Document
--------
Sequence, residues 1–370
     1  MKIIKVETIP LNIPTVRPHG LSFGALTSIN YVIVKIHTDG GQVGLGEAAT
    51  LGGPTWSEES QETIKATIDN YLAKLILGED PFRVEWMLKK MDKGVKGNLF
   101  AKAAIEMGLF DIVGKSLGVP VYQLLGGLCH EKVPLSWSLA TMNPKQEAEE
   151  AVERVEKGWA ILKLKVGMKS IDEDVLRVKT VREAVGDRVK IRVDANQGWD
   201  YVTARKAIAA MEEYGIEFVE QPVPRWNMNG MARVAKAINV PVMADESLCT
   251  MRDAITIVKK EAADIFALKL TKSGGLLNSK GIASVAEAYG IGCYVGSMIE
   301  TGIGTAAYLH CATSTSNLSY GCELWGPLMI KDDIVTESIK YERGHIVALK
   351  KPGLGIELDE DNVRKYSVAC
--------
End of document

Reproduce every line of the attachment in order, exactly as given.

Sequence, residues 1–370
     1  MKIIKVETIP LNIPTVRPHG LSFGALTSIN YVIVKIHTDG GQVGLGEAAT
    51  LGGPTWSEES QETIKATIDN YLAKLILGED PFRVEWMLKK MDKGVKGNLF
   101  AKAAIEMGLF DIVGKSLGVP VYQLLGGLCH EKVPLSWSLA TMNPKQEAEE
   151  AVERVEKGWA ILKLKVGMKS IDEDVLRVKT VREAVGDRVK IRVDANQGWD
   201  YVTARKAIAA MEEYGIEFVE QPVPRWNMNG MARVAKAINV PVMADESLCT
   251  MRDAITIVKK EAADIFALKL TKSGGLLNSK GIASVAEAYG IGCYVGSMIE
   301  TGIGTAAYLH CATSTSNLSY GCELWGPLMI KDDIVTESIK YERGHIVALK
   351  KPGLGIELDE DNVRKYSVAC